Empagliflozin and Kidney Function Decline in Patients with Type 2 Diabetes: A Slope Analysis from the EMPA-REG OUTCOME Trial
Empagliflozin slowed the progression of CKD in patients with type 2 diabetes and cardiovascular disease in the EMPA-REG OUTCOME Trial. In a prespecified statistical approach, we assessed treatment differences in kidney function by analyzing slopes of eGFR changes.
Participants (n=7020) were randomized (1:1:1) to empagliflozin 10 mg/d, empagliflozin 25 mg/d, or placebo added to standard of care. We calculated eGFR slopes using random-intercept/random-coefficient models for prespecified study periods: treatment initiation (baseline to week 4), chronic maintenance treatment (week 4 to last value on treatment), and post-treatment (last value on treatment to follow-up).
Compared with placebo, empagliflozin was associated with uniform shifts in individual eGFR slopes across all periods. On treatment initiation, adjusted mean slope (eGFR change per week, ml/min per 1.73 m2) decreased with empagliflozin (–0.77; 95% confidence interval, –0.83 to –0.71; placebo: 0.01; 95% confidence interval, –0.08 to 0.10; P<0.001). However, annual mean slope (ml/min per 1.73 m2 per year) did not decline with empagliflozin during chronic treatment (empagliflozin: 0.23; 95% confidence interval, 0.05 to 0.40; placebo: –1.46; 95% confidence interval, –1.74 to –1.17; P<0.001). After drug cessation, the adjusted mean eGFR slope (ml/min per 1.73 m2 per week) increased and mean eGFR returned toward baseline level only in the empagliflozin group (0.56; 95% confidence interval, 0.49 to 0.62; placebo –0.02; 95% confidence interval, –0.12 to 0.08; P<0.001). Results were consistent across patient subgroups at higher CKD risk.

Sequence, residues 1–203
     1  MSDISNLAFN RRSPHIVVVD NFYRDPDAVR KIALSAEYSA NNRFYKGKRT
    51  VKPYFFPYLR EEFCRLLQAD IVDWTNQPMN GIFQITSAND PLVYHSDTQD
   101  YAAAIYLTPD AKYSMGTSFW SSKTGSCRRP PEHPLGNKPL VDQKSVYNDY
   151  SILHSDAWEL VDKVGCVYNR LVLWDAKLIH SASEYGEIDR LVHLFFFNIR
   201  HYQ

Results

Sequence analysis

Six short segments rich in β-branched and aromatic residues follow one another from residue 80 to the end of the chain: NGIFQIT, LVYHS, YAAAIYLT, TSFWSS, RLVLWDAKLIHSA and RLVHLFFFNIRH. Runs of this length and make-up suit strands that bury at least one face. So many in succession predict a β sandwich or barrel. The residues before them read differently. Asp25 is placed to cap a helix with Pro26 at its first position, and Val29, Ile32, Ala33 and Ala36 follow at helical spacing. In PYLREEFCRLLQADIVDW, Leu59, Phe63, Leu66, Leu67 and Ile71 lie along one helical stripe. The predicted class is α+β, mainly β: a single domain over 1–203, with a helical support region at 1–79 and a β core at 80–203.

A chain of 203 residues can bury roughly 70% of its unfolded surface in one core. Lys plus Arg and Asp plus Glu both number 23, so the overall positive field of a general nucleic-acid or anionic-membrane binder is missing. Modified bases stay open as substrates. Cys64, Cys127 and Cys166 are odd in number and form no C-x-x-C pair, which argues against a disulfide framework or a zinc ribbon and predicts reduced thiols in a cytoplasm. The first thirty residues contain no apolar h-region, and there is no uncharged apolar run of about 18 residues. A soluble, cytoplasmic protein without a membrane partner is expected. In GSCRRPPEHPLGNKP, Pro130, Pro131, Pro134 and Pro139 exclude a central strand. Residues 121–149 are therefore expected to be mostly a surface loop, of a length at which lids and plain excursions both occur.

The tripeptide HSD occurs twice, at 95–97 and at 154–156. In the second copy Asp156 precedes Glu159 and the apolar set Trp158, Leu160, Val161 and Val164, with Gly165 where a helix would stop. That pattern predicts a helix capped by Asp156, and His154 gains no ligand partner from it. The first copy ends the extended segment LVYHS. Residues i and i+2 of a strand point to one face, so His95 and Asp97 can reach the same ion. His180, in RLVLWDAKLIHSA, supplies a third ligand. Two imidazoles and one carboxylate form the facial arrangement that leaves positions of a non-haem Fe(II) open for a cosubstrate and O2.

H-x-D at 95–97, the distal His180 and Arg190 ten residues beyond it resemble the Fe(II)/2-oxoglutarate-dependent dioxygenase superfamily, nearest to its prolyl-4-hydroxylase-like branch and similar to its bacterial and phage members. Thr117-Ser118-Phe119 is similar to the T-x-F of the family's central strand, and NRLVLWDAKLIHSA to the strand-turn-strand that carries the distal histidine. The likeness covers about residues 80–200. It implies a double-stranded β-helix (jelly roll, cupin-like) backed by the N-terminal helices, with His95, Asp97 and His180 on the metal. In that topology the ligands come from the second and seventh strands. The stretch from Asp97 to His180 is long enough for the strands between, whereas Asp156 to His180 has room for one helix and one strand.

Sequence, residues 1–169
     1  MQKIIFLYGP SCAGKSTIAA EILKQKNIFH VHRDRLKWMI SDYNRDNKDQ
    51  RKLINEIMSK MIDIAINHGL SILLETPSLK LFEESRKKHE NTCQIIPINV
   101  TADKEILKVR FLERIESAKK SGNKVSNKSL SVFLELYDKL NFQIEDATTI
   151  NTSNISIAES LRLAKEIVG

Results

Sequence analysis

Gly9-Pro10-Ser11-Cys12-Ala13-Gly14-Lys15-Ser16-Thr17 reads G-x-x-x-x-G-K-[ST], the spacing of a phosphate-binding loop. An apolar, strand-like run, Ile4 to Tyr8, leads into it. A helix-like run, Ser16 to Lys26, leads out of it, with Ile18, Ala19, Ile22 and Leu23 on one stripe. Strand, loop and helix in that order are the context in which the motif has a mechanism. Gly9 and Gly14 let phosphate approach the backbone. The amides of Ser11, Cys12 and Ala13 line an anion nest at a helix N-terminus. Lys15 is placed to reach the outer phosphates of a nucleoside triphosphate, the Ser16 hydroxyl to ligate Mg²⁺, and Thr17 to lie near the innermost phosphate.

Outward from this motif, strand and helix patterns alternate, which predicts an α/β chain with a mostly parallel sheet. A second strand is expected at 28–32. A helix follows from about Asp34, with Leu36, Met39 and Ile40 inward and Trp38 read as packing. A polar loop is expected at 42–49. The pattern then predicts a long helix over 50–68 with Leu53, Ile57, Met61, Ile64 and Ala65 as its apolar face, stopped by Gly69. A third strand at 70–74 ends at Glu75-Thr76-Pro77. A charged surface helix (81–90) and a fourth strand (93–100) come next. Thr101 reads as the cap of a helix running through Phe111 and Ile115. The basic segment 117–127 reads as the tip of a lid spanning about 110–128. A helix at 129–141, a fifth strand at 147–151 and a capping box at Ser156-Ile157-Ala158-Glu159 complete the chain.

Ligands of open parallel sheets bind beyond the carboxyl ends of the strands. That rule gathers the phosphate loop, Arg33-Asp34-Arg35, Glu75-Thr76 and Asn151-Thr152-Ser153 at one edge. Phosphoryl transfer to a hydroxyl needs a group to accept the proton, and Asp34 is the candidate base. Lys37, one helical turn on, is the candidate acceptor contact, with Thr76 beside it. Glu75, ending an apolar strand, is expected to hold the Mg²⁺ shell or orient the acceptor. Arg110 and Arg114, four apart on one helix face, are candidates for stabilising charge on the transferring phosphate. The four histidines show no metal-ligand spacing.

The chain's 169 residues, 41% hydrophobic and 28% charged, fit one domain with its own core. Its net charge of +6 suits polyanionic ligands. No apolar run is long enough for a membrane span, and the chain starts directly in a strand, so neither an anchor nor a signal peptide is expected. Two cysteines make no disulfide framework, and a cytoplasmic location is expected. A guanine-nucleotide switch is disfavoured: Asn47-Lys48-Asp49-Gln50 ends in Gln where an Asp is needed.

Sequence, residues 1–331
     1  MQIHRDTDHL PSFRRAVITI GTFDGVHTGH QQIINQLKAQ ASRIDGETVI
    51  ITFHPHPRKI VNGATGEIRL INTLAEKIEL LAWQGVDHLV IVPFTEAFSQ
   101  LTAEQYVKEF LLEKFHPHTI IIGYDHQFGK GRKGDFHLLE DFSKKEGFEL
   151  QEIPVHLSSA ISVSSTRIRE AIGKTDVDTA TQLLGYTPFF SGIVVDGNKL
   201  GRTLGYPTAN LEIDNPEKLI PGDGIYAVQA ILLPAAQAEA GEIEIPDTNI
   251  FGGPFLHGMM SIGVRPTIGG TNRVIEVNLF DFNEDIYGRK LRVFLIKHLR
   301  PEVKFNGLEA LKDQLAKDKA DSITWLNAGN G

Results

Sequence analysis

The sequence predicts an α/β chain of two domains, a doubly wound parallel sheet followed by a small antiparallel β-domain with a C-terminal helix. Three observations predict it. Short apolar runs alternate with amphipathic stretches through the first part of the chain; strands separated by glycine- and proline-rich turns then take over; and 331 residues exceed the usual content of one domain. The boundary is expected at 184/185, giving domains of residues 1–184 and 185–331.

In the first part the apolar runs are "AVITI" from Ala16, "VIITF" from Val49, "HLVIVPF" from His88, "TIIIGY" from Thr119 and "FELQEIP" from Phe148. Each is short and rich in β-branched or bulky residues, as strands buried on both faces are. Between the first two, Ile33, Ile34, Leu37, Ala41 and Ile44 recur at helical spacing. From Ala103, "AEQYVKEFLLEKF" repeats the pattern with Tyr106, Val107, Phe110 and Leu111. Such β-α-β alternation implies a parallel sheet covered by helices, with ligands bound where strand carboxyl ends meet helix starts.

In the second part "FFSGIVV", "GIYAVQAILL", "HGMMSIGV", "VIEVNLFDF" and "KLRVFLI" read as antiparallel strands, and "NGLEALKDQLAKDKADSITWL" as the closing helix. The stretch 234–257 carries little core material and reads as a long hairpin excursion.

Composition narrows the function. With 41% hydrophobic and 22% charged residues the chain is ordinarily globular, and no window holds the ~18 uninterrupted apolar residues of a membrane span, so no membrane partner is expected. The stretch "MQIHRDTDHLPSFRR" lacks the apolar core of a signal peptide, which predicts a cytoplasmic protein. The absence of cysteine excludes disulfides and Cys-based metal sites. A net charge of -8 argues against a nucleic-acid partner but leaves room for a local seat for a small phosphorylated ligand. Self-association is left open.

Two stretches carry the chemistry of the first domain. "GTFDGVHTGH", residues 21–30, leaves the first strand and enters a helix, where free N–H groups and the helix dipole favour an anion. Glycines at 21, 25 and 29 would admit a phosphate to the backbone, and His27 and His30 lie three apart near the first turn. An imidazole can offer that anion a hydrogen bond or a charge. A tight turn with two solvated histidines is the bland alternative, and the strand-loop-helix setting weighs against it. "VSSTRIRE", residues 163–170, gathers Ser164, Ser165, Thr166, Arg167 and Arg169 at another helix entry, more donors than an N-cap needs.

The hemodynamic effects of empagliflozin, associated with reduction in intraglomerular pressure, may contribute to long-term preservation of kidney function.